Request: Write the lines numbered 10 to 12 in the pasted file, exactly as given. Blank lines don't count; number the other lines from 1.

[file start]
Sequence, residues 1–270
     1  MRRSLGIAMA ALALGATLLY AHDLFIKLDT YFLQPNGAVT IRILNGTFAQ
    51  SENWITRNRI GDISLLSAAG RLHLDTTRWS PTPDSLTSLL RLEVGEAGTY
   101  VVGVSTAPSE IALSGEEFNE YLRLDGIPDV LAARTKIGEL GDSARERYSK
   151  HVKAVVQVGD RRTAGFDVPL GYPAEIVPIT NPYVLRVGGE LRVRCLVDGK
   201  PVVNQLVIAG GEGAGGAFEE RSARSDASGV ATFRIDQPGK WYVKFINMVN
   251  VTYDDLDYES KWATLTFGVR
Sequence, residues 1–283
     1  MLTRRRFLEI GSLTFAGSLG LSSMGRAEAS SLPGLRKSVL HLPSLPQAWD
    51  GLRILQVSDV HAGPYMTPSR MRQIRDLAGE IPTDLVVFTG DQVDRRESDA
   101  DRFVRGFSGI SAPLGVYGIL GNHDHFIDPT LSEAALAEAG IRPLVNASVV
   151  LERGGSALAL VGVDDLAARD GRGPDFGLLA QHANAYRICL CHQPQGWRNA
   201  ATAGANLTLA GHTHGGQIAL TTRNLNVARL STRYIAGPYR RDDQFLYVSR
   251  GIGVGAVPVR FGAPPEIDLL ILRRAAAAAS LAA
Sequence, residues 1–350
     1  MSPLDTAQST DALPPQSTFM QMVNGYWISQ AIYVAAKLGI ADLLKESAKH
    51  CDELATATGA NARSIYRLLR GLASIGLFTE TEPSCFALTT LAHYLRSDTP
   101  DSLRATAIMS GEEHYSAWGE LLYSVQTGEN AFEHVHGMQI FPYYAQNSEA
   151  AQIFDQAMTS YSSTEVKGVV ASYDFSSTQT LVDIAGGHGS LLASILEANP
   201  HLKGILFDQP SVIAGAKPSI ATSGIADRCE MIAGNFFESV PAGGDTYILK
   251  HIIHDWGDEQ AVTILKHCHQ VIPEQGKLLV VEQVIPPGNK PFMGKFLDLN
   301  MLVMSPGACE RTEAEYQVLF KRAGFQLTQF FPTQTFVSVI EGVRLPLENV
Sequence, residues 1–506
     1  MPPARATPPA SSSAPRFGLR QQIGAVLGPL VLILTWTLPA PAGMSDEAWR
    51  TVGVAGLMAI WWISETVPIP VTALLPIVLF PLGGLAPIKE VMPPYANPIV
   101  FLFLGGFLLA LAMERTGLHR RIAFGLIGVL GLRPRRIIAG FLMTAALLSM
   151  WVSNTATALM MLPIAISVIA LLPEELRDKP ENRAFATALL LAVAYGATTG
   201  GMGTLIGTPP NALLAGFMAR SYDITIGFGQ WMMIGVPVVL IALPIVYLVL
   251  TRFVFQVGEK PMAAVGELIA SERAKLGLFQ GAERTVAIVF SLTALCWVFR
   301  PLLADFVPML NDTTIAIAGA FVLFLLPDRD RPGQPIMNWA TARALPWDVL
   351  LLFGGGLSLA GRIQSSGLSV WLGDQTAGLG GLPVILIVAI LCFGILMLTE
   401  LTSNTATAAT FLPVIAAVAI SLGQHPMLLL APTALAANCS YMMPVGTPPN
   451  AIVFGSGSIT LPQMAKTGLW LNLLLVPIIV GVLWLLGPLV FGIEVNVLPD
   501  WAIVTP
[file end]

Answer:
    51  GLRILQVSDV HAGPYMTPSR MRQIRDLAGE IPTDLVVFTG DQVDRRESDA
   101  DRFVRGFSGI SAPLGVYGIL GNHDHFIDPT LSEAALAEAG IRPLVNASVV
   151  LERGGSALAL VGVDDLAARD GRGPDFGLLA QHANAYRICL CHQPQGWRNA